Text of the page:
For myriad reasons, urban residents in cities across around the world are finding themselves progressively living in smaller homes. If the era of the “McMansion” isn’t entirely extinct (some will always be more inclined to live in a spacious environment), the past few years have at least demonstrated there are a growing number of individuals both consciously and as a matter of necessity embracing more minuscule living spaces.
If you’re as obsessed as we are by TV shows like Tiny House Nation and Tiny House Builders or articles chronicling the phenomenon of 40-square-foot cubicle apartments in Hong Kong people actually reside in, you get our fascination with how people can pull it off. While there are many factors that go into successfully joining the “Tiny Home Movement,” this extreme downsizing calls for effectively utilizing internal and external storage space.
If you’re currently in a cramped condo, are considering trading it all in for a little cottage in the woods or up a tree, or just looking for tips for finding more space by decluttering your living space, consider these creative storage ideas for small homes and apartments.
Optimize Available Storage
The mental shift you have to make to live in less space is to choose everything in your home with intention. Apartment dwellers understand that if something comes in, something else is going to have to go out. But if you’ve lived in a big space for a while you’re going to have to think hard about what you use, what you need, what you love -- and what it all looks like. No use building a cute little corner bookshelf-- if all your books are too wide to fit! That’s why many who choose to downsize find value in external options like self-storage. Once you’ve determined what stuff you’re going to live with and what you’re going to store, you can start configuring your space.
Think about it like living on a boat. Boat interiors are always transforming to suit the needs that change through the day.
There’s a lot you can do within your home from installing closet and drawer organizers to using hooks, shelves and wall mounted storage cabinets to create more room to harbor your essential possessions. Some of our favorite small house storage tricks include built-in drawers in staircases that turn awkward spaces into super storage. If you own your space, take a look at what the Japanese do with floor storage -- they even install refrigerators in the floor! If you live in a small apartment, lofts are a classic solution -- and use the space under the ladder, too! Look for furniture that serves double duty such as a footlocker for a coffee table or a file cabinet as an end table. Hang a flat screen TV, use a laptop, and get to know your nearest copy shop so you can skip the home printer.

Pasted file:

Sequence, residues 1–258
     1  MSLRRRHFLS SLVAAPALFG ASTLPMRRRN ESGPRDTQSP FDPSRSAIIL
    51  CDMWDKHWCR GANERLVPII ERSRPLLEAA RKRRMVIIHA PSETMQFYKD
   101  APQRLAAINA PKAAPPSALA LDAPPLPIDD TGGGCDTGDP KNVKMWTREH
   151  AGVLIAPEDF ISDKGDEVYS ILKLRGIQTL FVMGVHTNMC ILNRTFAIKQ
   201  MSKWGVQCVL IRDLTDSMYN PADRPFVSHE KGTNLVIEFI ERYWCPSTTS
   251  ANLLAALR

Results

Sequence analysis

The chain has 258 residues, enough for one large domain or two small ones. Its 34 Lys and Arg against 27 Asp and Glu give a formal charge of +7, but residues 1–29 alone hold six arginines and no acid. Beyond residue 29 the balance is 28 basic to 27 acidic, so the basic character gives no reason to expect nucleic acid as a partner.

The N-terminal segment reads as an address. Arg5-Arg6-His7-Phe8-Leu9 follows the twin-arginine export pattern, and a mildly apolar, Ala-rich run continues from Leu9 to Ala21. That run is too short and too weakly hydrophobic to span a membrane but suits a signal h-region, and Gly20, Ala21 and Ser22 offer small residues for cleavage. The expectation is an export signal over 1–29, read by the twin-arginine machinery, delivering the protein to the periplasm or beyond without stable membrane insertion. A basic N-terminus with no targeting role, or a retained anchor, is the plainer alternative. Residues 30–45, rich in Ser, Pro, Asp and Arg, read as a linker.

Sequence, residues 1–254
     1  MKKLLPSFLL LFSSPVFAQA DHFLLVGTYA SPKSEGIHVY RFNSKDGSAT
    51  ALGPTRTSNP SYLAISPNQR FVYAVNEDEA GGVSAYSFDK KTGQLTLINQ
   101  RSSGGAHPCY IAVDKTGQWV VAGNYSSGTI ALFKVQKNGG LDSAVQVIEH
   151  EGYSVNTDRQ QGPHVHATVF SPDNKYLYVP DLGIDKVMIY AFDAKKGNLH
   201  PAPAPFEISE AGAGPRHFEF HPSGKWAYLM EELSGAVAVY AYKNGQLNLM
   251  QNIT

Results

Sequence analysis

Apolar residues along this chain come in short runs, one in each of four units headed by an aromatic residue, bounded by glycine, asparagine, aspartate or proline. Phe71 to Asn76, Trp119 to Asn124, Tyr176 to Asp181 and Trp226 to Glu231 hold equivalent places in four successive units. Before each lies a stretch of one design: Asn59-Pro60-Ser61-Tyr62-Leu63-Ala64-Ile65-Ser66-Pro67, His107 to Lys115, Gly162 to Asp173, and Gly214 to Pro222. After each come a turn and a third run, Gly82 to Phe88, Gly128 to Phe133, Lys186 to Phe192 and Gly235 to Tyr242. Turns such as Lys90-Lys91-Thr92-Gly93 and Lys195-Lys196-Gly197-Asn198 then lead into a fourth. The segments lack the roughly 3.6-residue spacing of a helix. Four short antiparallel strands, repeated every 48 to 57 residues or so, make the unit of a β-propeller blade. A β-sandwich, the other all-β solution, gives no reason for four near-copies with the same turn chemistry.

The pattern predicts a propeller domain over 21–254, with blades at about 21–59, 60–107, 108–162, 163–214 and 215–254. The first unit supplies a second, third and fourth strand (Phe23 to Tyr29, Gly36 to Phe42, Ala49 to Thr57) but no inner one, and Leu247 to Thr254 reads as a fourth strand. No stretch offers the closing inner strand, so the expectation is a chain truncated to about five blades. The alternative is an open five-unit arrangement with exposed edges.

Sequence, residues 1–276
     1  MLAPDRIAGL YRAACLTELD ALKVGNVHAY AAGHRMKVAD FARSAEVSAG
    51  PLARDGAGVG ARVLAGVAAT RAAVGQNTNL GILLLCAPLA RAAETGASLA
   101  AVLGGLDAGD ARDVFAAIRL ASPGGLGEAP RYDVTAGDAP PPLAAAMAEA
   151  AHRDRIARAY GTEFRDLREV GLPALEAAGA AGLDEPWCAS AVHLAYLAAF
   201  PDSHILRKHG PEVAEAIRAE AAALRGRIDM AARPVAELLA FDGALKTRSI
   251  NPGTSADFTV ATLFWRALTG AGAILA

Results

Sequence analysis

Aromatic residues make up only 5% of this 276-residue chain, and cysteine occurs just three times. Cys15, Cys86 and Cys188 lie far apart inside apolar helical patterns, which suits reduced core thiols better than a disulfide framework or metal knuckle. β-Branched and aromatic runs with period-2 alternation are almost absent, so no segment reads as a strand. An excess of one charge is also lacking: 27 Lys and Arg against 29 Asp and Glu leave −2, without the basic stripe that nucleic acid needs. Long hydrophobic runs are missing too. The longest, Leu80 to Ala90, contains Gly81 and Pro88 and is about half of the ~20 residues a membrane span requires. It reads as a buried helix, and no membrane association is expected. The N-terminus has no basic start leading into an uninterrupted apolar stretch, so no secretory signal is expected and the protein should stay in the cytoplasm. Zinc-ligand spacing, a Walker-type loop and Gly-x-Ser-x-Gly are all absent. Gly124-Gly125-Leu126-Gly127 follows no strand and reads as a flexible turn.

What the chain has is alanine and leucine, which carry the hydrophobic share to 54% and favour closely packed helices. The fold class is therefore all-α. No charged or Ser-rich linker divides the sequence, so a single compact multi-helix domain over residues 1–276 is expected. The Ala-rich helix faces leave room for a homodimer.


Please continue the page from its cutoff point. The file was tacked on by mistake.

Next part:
Another great idea is investing in convertible furniture such as folding tables, stacking chairs, and ottomans with removable cushions and inside storage. For the bed, look at foldable futons, daybeds and pullout couches and convertible ottomans, or even a Murphy bed to truly transform spaces on the fly to maximize utility and aesthetic appeal. Beds that roll up or flip down from a wall are quick and appealing. If you need the support of a ‘real’ bed, look for a design with storage like built-in dresser drawers under the mattress platform. These can make a huge difference in how much your tiny home can comfortably hold. Just be sure you’re physically prepared to move things around or climb into crawl space as needed. Tiny houses require flexibility in more ways than one!
Pare Down Pots, Pans and Appliances
In a tiny home or a small apartment, the kitchen is often among the most difficult spaces to get organized in a way that’s functional and visually appealing. And when you only have a few square feet to work with, or the area is actually open to the rest of the living environment as is the case in many modern layouts, an over-crowded cooking area just won’t do.
Perhaps one of the best known and least utilized kitchen storage essentials is a hanging pot rack or wall control storage organizer, which for around $50 and five minutes of work will help you reclaim precious cabinet space. Placing baskets or installing shelving above cabinets and appliances works great for keeping cookbooks, teapots, cookie sheets or even serving dishes you don’t use every day.